Tristan Sturrock lies onstage on his back, his image reflected back at the audience twofold through the use of a mirror. For a minute we cannot tell where his actual body is. He seems to be suspended in space, floating. This strong visual begins the artfully crafted Mayday Mayday, Sturrock's one-man show done with Theatre Damfino about his neck-breaking fall on Mayday in 2004. Sturrock's virtuosity as a performer blends perfectly with the wonderful staging to make this latest St. Ann's Warehouse offering work.
From the opening moment of Mayday Mayday on, the audience is in for an impressive story about one of those moments in life that can change everything. As Sturrock narrates his fall off of a wall during the Mayday celebration, his use of the stage and his virtuosity as a storyteller and performer takes us on this journey with him. One-man shows always run the risk of being self-centered in a way that can alienate audience members, but Sturrock's tone and his amazing avoidance of self-pity in a difficult situation allowed me to connect to this story by living it along with him.
I also want to take a second to acknowledge Sturrock, and his wife and director Katy Carmichael, for making a piece in which they have to relive one of the hardest moments of their lives. In fact, not only are they reliving it, but Sturrock is actually physically reperforming parts of it. As his body is lying on the stage, positioned as he remembers it being after his fall, one cannot help but wonder how it feels emotionally and physically.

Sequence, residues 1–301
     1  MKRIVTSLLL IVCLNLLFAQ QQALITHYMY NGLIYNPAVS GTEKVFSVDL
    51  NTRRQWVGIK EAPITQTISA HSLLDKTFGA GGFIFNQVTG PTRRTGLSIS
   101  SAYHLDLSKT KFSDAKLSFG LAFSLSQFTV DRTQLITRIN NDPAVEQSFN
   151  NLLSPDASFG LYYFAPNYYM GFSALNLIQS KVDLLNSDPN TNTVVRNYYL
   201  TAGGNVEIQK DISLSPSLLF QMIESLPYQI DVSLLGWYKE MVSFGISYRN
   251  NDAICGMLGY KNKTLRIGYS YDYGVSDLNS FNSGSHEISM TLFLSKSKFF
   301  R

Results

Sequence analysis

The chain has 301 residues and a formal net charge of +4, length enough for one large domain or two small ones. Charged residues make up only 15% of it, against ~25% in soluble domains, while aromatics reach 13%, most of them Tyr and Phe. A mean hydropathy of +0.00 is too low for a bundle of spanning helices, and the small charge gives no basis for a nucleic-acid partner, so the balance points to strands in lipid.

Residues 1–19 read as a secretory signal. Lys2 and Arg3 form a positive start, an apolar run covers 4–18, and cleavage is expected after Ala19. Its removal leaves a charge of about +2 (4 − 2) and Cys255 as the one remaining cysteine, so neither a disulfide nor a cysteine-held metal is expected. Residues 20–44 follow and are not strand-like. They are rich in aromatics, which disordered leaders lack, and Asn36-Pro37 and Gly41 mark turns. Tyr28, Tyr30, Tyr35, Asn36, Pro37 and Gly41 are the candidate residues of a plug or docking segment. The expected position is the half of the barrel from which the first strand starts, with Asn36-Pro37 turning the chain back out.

Carmichael addresses this in a note in the program when she writes, "I watched this story unfold in stark reality and my memories are different...Now I'm a bystander again, only this time I'm watching the story unfold on stage. Tris is playing 'fallen man;' we can change the lights, choose the music, edit his script, take control. Most importantly he can get back up again. Something that on May 1st, 2004 I thought would never happen."
I quote her at length here because Carmichael's story, along with that of Sturrock's surgeon, Tim Germon, who has a note and bio in the program, are integral parts of the piece as a whole. Sturrock plays these characters as well, embodying the people who became a part of this event both before and after it occurred. Even when they are not being portrayed, these two individuals are everywhere in Mayday Mayday.
The term embodiment keeps coming up. And how could it not? This is a story about a man, an actor, who was used to relying on his body. Suddenly he is not sure he will ever be able to walk again or feel his limbs or move his head. Yet he does not tell us these things, but rather shows us projections, reenactments, models, and narrates the details of his experience. He speaks of the ceiling tiles in the hospital, and shows us the two options he had for how to deal with this particular break.
Indeed, the only time the show feels precious at all is at the very end, when Sturrock simply thanks all of the people who helped him survive this trauma. Of course, by this point, we're ready to thank them too, and I can understand why we end where we do. So if you like solo performance, beautiful staging, and good storytelling, then Mayday Mayday is for you.